Know your stone settings: The four techniques jewellers favour the most
From bead to snow, and channel to invisible, here are the gem settings most favoured by watchmakers and jewellers.
If Jaeger-LeCoultre’s Rendez-Vous line is for the woman who likes elegantly designed round watches just subdued enough to pair with a power suit, then the new Rendez-Vous from this year’s SIHH are for the woman who doesn’t want her elegantly designed round watches to shine under fluorescent lighting but to dazzle under spotlights and chandeliers.
The Dazzling Rendez-Vous watches, comprising a day/night model and a moon phase model, are aptly named thanks in large part to 3.43 carats worth of diamonds adorning the white or pink gold cases. Board meeting accessories these are not. Diamond-set bezels are par for the course in women’s timepieces, but Jaeger-LeCoultre has turned to traditional jewellery for inspiration in this case by using the prong setting for its brilliant-cut stones.
This type of setting, which typically uses three, four or six individual prongs or claws to mount a gemstone, is especially popular for engagement rings because it allows light to strike the solitaire from more angles. But when set in a series, the Dazzling Rendez-Vous gains a subtle scalloped edge appearance that sets it apart from its contemporaries.
The Dazzling Rendez-Vous Night & Day is powered by the automatic Calibre 898B/1 and available in white or pink gold, while the Dazzling Rendez-Vous Moon, which houses the automatic 925B/1, is only available in white gold. Both models are 36mm wide and feature mother-of-pearl dials.
Jewellers and watchmakers make natural bedfellows so when a brand specialises in both disciplines, the results are often ravishing. Piaget is one example where its gem-setting talents often cross over to its watch collections. A malachite dial Limelight Gala watch from the 2019 collection uses a technique known as serti descendu, or cut-down setting, to hold its gems in place. Gold is carved away to form claws and grooves that grip the stone, allowing the diamonds to be seen from the sides, too.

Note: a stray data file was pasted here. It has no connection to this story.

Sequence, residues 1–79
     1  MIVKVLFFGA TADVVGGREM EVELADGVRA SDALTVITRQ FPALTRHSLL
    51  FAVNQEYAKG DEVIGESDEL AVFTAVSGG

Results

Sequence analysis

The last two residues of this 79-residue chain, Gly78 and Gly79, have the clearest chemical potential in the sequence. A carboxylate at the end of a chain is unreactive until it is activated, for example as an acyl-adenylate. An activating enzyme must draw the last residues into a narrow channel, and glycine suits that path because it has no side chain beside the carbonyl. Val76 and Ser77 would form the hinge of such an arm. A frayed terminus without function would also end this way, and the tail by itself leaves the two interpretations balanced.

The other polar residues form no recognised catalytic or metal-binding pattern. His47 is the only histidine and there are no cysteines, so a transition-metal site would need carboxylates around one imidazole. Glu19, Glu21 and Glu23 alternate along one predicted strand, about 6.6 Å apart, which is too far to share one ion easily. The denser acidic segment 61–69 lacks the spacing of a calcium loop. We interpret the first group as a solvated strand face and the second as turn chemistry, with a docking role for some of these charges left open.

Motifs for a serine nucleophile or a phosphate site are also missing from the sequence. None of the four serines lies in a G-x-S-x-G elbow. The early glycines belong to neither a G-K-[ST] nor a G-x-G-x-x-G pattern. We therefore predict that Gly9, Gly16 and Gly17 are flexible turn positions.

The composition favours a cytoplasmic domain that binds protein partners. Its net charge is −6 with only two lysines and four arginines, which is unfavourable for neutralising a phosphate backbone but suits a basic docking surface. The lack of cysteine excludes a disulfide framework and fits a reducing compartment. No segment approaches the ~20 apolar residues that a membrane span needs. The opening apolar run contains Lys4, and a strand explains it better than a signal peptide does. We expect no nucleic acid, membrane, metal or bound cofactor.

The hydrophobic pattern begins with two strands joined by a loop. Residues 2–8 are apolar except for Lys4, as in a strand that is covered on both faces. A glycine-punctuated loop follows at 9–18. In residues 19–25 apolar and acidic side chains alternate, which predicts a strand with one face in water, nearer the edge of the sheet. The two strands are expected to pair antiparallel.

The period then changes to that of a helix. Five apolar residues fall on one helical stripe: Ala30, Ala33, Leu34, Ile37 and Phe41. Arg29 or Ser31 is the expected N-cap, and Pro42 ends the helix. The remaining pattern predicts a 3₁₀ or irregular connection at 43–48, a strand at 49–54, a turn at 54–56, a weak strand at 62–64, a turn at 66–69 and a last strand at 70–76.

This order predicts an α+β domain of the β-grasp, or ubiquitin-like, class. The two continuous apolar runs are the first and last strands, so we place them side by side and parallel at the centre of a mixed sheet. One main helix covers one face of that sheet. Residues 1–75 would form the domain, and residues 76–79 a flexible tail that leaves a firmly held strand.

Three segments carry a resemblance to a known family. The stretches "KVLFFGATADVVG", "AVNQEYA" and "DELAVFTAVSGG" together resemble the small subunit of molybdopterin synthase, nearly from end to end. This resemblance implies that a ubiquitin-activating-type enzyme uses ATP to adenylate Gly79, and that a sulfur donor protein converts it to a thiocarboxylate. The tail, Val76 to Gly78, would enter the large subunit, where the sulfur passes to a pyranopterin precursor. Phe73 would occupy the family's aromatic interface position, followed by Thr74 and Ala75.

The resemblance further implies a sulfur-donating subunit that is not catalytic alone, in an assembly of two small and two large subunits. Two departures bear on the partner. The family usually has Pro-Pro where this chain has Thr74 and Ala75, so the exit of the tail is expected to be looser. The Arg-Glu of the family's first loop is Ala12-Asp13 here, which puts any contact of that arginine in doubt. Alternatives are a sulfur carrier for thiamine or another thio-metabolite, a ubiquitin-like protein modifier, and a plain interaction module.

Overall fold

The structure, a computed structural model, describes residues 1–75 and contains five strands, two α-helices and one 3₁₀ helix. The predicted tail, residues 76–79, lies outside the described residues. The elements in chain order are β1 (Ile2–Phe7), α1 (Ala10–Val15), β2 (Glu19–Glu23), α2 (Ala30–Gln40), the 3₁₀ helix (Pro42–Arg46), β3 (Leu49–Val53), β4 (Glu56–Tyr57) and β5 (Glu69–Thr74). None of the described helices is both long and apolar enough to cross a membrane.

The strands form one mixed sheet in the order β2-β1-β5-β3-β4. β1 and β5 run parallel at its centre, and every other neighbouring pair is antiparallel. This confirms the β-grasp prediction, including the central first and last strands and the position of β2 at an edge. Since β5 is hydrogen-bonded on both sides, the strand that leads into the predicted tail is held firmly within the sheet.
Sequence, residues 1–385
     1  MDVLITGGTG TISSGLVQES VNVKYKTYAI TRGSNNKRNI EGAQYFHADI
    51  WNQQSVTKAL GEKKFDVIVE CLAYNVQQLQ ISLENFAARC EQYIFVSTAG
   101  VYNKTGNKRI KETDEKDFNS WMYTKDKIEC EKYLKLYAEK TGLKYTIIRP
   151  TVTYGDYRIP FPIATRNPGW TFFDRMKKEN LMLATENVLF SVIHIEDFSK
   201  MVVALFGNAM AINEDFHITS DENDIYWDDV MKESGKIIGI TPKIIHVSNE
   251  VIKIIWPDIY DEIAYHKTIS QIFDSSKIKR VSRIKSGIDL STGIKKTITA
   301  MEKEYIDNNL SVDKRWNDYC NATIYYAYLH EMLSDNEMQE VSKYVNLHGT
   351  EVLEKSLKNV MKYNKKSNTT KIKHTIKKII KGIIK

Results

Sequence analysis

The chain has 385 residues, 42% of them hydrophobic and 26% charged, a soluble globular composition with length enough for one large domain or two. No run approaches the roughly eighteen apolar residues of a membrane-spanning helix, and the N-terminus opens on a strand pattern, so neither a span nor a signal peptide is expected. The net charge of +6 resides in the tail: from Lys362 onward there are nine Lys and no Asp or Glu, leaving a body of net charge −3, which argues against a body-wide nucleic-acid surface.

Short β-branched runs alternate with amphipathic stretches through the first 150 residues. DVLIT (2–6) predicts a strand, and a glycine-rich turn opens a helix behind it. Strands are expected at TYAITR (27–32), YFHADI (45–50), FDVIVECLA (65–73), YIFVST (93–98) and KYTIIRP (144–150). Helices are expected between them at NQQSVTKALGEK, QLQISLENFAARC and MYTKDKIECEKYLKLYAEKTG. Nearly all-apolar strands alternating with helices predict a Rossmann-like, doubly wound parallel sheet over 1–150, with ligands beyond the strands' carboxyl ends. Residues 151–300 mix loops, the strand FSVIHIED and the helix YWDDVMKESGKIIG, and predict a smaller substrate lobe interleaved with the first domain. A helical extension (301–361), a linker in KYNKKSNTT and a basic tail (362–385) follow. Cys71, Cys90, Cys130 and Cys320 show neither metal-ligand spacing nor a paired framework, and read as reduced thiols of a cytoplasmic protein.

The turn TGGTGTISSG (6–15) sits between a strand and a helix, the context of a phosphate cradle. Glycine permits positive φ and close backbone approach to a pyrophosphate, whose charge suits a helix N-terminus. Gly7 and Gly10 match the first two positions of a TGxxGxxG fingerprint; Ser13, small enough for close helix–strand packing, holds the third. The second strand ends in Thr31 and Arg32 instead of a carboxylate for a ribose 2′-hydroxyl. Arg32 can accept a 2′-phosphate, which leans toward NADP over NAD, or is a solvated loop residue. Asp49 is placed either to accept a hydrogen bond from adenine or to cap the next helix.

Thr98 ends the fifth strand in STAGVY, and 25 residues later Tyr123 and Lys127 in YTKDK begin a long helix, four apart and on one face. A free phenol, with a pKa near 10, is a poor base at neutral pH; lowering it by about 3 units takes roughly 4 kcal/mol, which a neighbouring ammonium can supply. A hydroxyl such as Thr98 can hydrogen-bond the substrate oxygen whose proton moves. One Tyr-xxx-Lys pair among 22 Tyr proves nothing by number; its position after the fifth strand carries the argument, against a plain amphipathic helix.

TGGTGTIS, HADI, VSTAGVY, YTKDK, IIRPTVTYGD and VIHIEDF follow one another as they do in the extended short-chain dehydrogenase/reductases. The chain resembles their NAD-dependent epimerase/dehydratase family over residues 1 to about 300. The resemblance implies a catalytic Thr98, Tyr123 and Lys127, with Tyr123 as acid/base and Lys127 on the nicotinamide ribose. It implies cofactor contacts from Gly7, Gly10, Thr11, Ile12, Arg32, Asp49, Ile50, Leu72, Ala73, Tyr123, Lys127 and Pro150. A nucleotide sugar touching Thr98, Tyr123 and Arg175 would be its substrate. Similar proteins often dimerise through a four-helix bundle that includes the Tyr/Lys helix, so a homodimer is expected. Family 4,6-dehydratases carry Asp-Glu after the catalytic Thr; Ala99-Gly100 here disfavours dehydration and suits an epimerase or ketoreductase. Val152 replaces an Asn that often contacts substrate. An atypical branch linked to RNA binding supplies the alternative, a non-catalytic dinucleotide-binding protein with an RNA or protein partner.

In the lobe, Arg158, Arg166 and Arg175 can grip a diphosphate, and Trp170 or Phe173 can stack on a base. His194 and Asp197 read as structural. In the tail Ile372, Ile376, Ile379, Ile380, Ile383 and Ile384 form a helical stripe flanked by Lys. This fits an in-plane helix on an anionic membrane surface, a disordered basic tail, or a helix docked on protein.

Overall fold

As beautiful as mechanical movements are (at least when you’re allowed to see them) there are times when the glimmer of precious stones is more titillating. And while the stones themselves and the way they are cut have a lot to do with how much they sparkle, the setting is crucial in letting all that flash reach our eyes. Here are four of the settings most favoured by horologers.
Most of what you see in bejewelled watches will fall under this category. The stone – usually round – will be set in a depression made in the metal and a bit of that metal will be pushed into and over the stone. A beading tool will round it out and push it into the stone, creating a “bead” that keeps the stone in place. Bead setting variations are numerous: When many, closely set stones cover a surface, it’s a pave; when multiple beads are raised for decorative purposes, it’s a millegrain, and so on.
The channel setting is the preferred type when dealing with angular stones like baguette or trapeze-cut gems. This allows the stones to fit snugly side by side on the bezel. The stones are set between two metal strips – a channel – and considered one of the most secure ways to set jewels. When the channels cross the lines of the design, it is considered a bar setting but the mechanics are essentially the same.
This setting ensures absolutely no metal can be seen so the gems appear to be free-standing. This illusion is achieved by cutting a groove into a stone and having it snapped into a metal rail. The stones are set so tightly against each other that the rails become hidden. The exact origin of this setting is a little murky, though it’s widely believed that while Cartier filed a patent for this technique around the same time as Van Cleef & Arpels did back in 1933, it was the latter who perfected it and patented the name “Mystery Setting”. The company earned another patent five years later for using the technique on curved surfaces.
It speaks to Jaeger-LeCoultre’s innovative spirit that it could beat actual jewellers to inventing a whole new way of setting stones in this day and age. Introduced in 2002, the snow-setting technique gets its name from the varying sizes of diamonds used to blanket a surface in a seemingly random fashion, glittering like fresh snow in the sun. It’s far more tedious than a standard pave since each stone, regardless of size, has to fit seamlessly against each other to leave as little metal visible as possible.